One more cop using excessive force walks free. With each non-indictment, each non-conviction, the message becomes stronger and stronger: if you are a police officer, it is legal to kill black people.

Are you okay with this being the status quo or will you work to change it?

Why should I pay more than $10 for a t-shirt?

So a garment factory collapsed in Bangladesh on Wednesday. I saw the story, it made me really sad, I posted it on twitter. Later I saw this post on facebook from my friend Rob:

Come and mourn with me awhile…a tragedy far greater than Boston. A greater loss of life – the racism and classism that will cause this event to pass from our minds like a fleeting breeze – the reality that we are all complicit in and bear guilt for this event. We will not chase down the people responsible for this tragedy…this terrorist act…because they’re too well protected. They are us. They are protected behind arguments about “the way things are”, behind cheap statements about the “direct responsibility” of the indigenes managing the factory, behind worthless defenses about how “$37 a month is better than $0 a month”. 70 lives have been lost today because we want cheap t-shirts more than we want our brothers and sisters to thrive. Maranatha.

Damn, I thought; he’s right. I posted that story on twitter, it made me sad and angry, but that’s where I left it. Honestly, I might not have thought about it again if it weren’t for my friend calling us out on it: Racism. Classism. Ugh.

The situation became ridiculously poignant when I did lectio divina with Mark 8:34-38. Jesus asked the crowd:

“For what benefit is it for a person to gain the whole world, yet forfeit his life?”

Isn’t that precisely what we’ve done? By proxy, through our multinational corporations, we’ve gained the whole world. We can outsource our labor from literally anywhere on the planet. We put out an RFP and give the job to the lowest bidder. “Don’t tell me how you do it,” we tell them, “just get me these shirts at this price.” Why? So that we can pay less than $10 for a t-shirt and those corporations can still make a huge profit.

And in so doing, we have forfeited our life. Specifically, we have literally forfeited the lives of at least 340 Bangladeshi sisters and brothers, people who bear the image of their Creator just like I do. As Father Richard Rohr writes:

Every single person on earth is just as much children of God as we are. Objectively. Theologically. Eternally. Where else do we think they came from? Did some other god create them, except THE GOD? Their divine DNA is the same as ours. We deny our monotheism if we believe anything else.

Isn’t this exactly the kind of thing Jesus was talking about? We have forfeited what is most important in exchange for profit and cheap shirts.

Yes, my friend is right, we should mourn this. And we should not only mourn; let this mourning lead to action! Let us demand that the companies we give our money to get so diligent about auditing their supply chains that people become more important to them than the product itself and the profit it brings. Crazy, right? It’s crazy of me to think that companies could decide that people working in safe conditions and making a living wage is more important than the almighty dollar.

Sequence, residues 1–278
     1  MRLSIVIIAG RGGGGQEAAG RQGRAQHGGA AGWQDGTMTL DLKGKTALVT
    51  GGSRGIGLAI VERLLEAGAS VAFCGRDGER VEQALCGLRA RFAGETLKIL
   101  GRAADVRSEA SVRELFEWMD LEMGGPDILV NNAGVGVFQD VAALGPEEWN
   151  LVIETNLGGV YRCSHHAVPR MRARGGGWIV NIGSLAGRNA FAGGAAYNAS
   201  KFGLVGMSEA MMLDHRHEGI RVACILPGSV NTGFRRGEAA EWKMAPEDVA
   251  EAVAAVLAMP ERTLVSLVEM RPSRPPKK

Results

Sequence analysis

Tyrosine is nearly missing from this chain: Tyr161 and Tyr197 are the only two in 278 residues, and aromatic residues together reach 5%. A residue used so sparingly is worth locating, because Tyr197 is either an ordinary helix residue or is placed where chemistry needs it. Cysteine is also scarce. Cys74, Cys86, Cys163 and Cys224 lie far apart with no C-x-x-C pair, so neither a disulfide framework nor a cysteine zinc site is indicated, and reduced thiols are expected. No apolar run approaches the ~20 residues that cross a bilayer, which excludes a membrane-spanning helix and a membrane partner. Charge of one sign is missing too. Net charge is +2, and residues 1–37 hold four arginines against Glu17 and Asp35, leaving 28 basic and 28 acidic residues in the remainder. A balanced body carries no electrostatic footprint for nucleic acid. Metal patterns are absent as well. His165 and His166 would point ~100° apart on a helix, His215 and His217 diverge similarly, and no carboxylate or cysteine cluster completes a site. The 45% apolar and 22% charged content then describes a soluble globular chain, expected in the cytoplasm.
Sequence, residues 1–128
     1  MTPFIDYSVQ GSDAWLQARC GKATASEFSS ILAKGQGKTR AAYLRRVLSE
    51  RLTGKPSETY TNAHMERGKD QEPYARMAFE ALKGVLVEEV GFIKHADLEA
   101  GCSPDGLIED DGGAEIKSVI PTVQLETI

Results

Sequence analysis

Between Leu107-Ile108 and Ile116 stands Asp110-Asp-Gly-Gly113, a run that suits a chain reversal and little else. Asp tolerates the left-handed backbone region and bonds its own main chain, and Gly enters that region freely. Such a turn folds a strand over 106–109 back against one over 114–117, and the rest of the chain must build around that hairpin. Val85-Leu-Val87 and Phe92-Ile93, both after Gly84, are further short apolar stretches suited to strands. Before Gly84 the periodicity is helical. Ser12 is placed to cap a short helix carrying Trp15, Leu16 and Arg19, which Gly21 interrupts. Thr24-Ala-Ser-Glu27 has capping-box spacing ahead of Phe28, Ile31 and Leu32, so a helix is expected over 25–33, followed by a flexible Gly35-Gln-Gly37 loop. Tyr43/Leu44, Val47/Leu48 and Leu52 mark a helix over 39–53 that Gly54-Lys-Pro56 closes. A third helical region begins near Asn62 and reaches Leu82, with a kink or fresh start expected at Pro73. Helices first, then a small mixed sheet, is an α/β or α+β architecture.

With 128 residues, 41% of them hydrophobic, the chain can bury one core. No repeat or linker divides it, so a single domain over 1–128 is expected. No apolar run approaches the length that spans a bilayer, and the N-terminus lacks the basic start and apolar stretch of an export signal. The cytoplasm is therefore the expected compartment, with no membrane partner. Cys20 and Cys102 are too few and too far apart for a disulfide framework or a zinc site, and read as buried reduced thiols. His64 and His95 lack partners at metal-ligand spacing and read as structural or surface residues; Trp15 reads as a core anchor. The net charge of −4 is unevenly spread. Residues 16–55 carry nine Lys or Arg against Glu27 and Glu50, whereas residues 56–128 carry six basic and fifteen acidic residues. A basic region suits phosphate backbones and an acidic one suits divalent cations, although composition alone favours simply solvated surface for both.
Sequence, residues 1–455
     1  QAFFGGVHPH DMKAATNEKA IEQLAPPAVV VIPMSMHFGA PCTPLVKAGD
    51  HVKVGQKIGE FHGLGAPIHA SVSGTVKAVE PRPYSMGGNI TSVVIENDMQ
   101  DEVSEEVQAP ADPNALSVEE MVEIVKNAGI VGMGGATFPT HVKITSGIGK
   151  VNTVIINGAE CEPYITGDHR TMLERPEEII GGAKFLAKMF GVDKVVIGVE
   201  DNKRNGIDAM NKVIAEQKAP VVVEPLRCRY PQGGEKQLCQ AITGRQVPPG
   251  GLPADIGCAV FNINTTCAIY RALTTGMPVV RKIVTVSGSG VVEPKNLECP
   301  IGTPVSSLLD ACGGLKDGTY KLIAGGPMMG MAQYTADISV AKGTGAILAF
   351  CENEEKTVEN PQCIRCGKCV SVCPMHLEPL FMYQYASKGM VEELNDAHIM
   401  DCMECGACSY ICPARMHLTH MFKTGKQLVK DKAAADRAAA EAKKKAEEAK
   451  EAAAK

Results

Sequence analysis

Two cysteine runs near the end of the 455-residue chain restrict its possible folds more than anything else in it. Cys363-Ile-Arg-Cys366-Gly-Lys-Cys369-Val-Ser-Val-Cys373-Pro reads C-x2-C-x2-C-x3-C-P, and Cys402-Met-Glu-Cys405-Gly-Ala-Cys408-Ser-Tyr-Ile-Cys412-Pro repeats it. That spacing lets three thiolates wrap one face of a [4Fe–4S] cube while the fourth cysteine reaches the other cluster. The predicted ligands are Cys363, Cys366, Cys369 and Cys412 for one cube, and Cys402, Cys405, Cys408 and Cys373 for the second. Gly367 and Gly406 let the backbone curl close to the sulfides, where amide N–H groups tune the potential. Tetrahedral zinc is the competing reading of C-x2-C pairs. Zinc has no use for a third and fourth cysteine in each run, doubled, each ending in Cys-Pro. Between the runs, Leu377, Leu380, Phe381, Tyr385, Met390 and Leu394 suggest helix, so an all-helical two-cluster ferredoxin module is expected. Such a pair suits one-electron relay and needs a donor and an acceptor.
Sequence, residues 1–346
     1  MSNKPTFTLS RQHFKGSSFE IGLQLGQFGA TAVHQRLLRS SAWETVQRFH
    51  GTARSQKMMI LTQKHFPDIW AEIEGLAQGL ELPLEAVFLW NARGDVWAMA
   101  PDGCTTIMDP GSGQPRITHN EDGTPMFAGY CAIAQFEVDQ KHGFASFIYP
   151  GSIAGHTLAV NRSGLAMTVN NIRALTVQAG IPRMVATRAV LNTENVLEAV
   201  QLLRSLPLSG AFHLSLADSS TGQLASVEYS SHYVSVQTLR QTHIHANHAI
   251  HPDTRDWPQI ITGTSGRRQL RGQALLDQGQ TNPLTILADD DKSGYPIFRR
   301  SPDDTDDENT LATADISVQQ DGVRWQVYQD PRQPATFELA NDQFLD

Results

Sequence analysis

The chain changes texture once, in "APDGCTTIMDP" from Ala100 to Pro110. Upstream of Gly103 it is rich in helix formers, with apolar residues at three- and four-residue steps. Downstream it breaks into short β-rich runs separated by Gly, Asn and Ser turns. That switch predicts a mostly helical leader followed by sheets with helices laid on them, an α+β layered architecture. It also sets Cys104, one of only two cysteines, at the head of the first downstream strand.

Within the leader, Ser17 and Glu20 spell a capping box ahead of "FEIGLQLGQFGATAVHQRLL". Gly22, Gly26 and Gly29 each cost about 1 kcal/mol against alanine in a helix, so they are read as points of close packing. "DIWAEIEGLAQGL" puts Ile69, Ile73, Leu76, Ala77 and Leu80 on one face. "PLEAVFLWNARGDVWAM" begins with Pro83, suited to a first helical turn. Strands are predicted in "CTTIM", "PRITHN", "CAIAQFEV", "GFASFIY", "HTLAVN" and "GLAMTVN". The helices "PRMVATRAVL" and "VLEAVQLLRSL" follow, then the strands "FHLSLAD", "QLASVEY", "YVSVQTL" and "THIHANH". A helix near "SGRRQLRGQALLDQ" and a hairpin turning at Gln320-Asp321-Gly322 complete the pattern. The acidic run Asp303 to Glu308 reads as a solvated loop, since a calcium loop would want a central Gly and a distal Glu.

But isn’t that how the market works? Don’t those corporations always say, “we’re just giving people what they want”? I happen to think that most of the time that’s not actually true, that if people really knew the entirety of what they’re buying (like a collapsed factory in Bangladesh), they would realize they don’t actually want that. But I digress… if the companies claim to do what their customers want, then we, the customers, need to vote with our voice and our dollar. Let’s tell them we care about people first, before product. Wondering where to start?

  • Free 2 Work rates companies on how well they’re addressing modern-day slavery. I’ve consulted their iPhone app before making purchases.
  • Slavery Footprint interactively reveals how many slaves work for you.
  • Made In a Free World produces “innovative campaigns, front line projects, consumer engagement tools, and marketable business solutions to get slavery out of our system.” They’ll help businesses move beyond compliance to engagement.
  • Since not all companies have web pages dedicated to corporate responsibility, sometimes you just have to ask. Look up contact info and write a quick email asking how they ensure the folks that work for them are taken care of. I can usually tell right away from the response whether social responsibility is on their radar.
  • For those who want to dig in a bit deeper, Patagonia has compiled a list of books and resources on corporate responsibility.

These are only starting points, focused on making better consumer choices. There are all sorts of creative ways to work for the flourishing of all people. I welcome your ideas in the comments.

As we mourn the passing of our neighbors and pray for the rescue of those still trapped in the rubble, I also pray that this death will bring about new life. May we be awakened (or re-awakened) to take responsibility for the impact of our choices and the way we use our voices. May we celebrate every small step we see anyone taking to be more considerate of their impact upon the world we share and the people who live on it. And may we not give in to despair, thinking that our efforts cannot possibly make a difference. They do.

A Review of Deepening the Soul for Justice by Bethany Hoang

Deepening the Soul for Justice cover image

The book is divided into seven sections: Transforming Justice, Stop, See, Open, Choose, Ask, Proclaim, and Remember.

I’ll begin by getting my mild criticisms out of the way. First, I feel the tone of the book is a bit too professional. Hoang feels superhuman when writing of her college days, love of Scripture, evening hymn sings with her family and times of stillness and prayer at the office. It’s easy to get the impression that she’s never stopped caring, that she’s faithfully practiced all these disciplines as long as she’s known them. It was hard for me to relate at times. This is balanced some, however, by her descriptions of how hard it can be for her to stop and rest or pray. It’s also her first book, so it’s fair to say that she’s still finding her voice. In the end, it may simply be a matter of taste.